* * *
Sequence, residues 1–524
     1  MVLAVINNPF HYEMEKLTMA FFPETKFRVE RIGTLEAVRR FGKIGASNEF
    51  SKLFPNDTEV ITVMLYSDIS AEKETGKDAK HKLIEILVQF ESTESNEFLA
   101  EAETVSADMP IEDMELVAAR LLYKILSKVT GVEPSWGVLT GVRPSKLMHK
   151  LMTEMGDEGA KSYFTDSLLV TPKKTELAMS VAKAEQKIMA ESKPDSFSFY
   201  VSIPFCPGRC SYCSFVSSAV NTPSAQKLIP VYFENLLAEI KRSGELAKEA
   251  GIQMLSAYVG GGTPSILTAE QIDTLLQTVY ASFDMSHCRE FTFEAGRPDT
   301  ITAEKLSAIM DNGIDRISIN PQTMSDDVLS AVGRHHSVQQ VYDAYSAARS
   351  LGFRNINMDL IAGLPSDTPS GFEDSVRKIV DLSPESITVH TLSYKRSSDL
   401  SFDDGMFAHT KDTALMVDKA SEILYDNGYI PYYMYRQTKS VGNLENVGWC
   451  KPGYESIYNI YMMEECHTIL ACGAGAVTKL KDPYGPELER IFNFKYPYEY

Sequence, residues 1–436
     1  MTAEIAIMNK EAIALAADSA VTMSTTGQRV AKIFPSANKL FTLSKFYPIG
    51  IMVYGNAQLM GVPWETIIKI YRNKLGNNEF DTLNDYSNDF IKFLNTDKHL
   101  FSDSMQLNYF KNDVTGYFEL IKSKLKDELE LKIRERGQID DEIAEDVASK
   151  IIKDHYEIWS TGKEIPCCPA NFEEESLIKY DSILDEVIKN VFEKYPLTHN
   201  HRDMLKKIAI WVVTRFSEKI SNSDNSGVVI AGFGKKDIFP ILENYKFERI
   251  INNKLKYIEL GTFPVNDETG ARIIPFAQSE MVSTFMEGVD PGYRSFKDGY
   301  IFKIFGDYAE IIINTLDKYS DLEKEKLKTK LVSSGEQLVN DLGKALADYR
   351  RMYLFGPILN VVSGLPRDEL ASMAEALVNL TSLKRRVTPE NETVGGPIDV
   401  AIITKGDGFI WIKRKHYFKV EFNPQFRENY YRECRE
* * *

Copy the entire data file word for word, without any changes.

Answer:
Sequence, residues 1–524
     1  MVLAVINNPF HYEMEKLTMA FFPETKFRVE RIGTLEAVRR FGKIGASNEF
    51  SKLFPNDTEV ITVMLYSDIS AEKETGKDAK HKLIEILVQF ESTESNEFLA
   101  EAETVSADMP IEDMELVAAR LLYKILSKVT GVEPSWGVLT GVRPSKLMHK
   151  LMTEMGDEGA KSYFTDSLLV TPKKTELAMS VAKAEQKIMA ESKPDSFSFY
   201  VSIPFCPGRC SYCSFVSSAV NTPSAQKLIP VYFENLLAEI KRSGELAKEA
   251  GIQMLSAYVG GGTPSILTAE QIDTLLQTVY ASFDMSHCRE FTFEAGRPDT
   301  ITAEKLSAIM DNGIDRISIN PQTMSDDVLS AVGRHHSVQQ VYDAYSAARS
   351  LGFRNINMDL IAGLPSDTPS GFEDSVRKIV DLSPESITVH TLSYKRSSDL
   401  SFDDGMFAHT KDTALMVDKA SEILYDNGYI PYYMYRQTKS VGNLENVGWC
   451  KPGYESIYNI YMMEECHTIL ACGAGAVTKL KDPYGPELER IFNFKYPYEY

Sequence, residues 1–436
     1  MTAEIAIMNK EAIALAADSA VTMSTTGQRV AKIFPSANKL FTLSKFYPIG
    51  IMVYGNAQLM GVPWETIIKI YRNKLGNNEF DTLNDYSNDF IKFLNTDKHL
   101  FSDSMQLNYF KNDVTGYFEL IKSKLKDELE LKIRERGQID DEIAEDVASK
   151  IIKDHYEIWS TGKEIPCCPA NFEEESLIKY DSILDEVIKN VFEKYPLTHN
   201  HRDMLKKIAI WVVTRFSEKI SNSDNSGVVI AGFGKKDIFP ILENYKFERI
   251  INNKLKYIEL GTFPVNDETG ARIIPFAQSE MVSTFMEGVD PGYRSFKDGY
   301  IFKIFGDYAE IIINTLDKYS DLEKEKLKTK LVSSGEQLVN DLGKALADYR
   351  RMYLFGPILN VVSGLPRDEL ASMAEALVNL TSLKRRVTPE NETVGGPIDV
   401  AIITKGDGFI WIKRKHYFKV EFNPQFRENY YRECRE